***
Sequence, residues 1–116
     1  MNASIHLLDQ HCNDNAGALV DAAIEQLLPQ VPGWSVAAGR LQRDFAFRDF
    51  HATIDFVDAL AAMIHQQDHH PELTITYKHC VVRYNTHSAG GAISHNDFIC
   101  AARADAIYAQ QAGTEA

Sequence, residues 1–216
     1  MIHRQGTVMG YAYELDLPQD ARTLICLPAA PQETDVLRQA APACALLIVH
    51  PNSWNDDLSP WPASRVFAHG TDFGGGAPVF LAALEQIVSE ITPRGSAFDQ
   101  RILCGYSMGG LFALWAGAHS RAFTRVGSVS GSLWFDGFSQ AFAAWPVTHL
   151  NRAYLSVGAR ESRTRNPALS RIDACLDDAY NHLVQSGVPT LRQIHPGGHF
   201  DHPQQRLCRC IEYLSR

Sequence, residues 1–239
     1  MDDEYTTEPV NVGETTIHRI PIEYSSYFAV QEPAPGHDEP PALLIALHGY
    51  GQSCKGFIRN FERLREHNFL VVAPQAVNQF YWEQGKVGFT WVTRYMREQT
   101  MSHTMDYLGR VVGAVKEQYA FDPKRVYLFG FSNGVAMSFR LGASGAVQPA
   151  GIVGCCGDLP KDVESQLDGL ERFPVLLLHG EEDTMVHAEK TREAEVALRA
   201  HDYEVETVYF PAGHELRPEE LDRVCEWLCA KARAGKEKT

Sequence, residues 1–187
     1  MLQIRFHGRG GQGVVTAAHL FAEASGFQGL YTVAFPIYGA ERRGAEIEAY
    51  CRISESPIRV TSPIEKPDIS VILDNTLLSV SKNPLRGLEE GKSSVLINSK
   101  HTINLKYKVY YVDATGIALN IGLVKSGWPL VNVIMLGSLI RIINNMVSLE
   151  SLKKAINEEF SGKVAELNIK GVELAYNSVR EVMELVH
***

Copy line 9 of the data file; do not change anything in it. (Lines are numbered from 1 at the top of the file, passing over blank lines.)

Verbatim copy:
   151  NRAYLSVGAR ESRTRNPALS RIDACLDDAY NHLVQSGVPT LRQIHPGGHF